CSD: Sweet Opportunity
By Bob Gatty
Through a special arrangement, presented here for discussion is an excerpt of a current article from Convenience Store Decisions magazine.
If manufacturers, distributors
and convenience store retailers would embrace some basic changes in the
confectionery category and work more closely together, they could realize
a potential bonanza of hundreds of millions of dollars in new profit, according
to a new joint industry study.
That is the message of the soon-to-be released "Convenience, Candy &
Profit," study developed by industry expert Kit Dietz, of Dietz Consulting
in Huron, Ohio, under the joint sponsorship of the American Wholesale Marketers
Association (AWMA), the National Association of Convenience Stores (NACS)
and the National Confectioners Association (NCA).
According to the year-long study, if the nation’s 146,000 convenience stores
and their distributors worked together to make sure the top 50 SKUs in candy,
gum and mints–the "core brands"– were always in stock, as much
as $358.8 million in new candy sales could be generated. Numerous other steps
that could generate even higher sales and profits–in excess of $500 million–are
Mr. Dietz pointed out that profit margins on candy products are already strong–often
50 percent or better. For the first 11 months of 2008, total dollar sales
of the top 100 confections SKUs in the convenience channel increased by 3.6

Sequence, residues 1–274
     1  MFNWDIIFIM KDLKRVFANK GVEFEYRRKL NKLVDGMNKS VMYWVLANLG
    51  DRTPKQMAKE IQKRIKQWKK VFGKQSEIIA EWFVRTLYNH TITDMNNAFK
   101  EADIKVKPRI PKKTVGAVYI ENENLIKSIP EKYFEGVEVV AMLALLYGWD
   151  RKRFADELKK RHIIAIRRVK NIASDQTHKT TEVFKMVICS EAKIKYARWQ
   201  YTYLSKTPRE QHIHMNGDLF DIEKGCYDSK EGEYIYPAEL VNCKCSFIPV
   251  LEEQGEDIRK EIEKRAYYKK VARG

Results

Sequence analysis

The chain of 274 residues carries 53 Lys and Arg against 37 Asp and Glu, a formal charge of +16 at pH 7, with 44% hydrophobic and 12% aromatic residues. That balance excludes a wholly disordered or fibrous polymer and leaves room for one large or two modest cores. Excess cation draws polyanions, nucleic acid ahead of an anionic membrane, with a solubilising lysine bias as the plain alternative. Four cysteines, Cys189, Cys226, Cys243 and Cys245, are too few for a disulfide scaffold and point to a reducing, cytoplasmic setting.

percent compared to the previous year. Convenience chocolate sales were up
4.6 percent; non-chocolate, 5.1 percent; and gum, 4.4 percent. Only mints
showed a decline, down 12.9 percent.
The study uncovered major
opportunities available through improved manufacturer, distributor and
retailer collaboration directed at broadening the scope of category management
- Keeping core brands in stock
at all times.
- Improving in-store product
- Understanding and responding
to consumers’ typical shopping practices to maximize prime selling areas
and secondary multi-vendor merchandising opportunities.
- Improving execution
of new item strategies.
- Improving exit strategies for
poor performing items.
Having the proper balance
of focus on core brands and new items is an important component of effective
category management, according to Mr. Dietz, who said distributors can
help retailers develop and execute the most profitable candy plan-o-gram
for their stores instead of relying on manufacturers, whose natural bias
is to promote their own brands.
"The retailer is the ultimate decision maker and this process provides
a solid basis for developing the optimal planogram for their stores; and
to determine how implementation and execution will take place," said
Mr. Dietz, pointing out that there exists a significant opportunity to increase
candy sales and profit among the growing number of independents.
While many independents do an excellent job of category management, many
are unduly influenced by product cost and the search for deals, instead of
using a more strategic process provided by the distributor aimed at long-term
"Just because a retailer might be able to get a cheaper price at a club
store, those products might not be the ones that will generate the most sales
and profit," Mr. Dietz said. "At
the same time, they will consume space that could be devoted to the best
selling core items or exciting new items being heavily promoted."
What do you think of the suggestions offered in the study for maximizing
confectionery sales? What suggestion will make the biggest impact? Which
one is the most overlooked?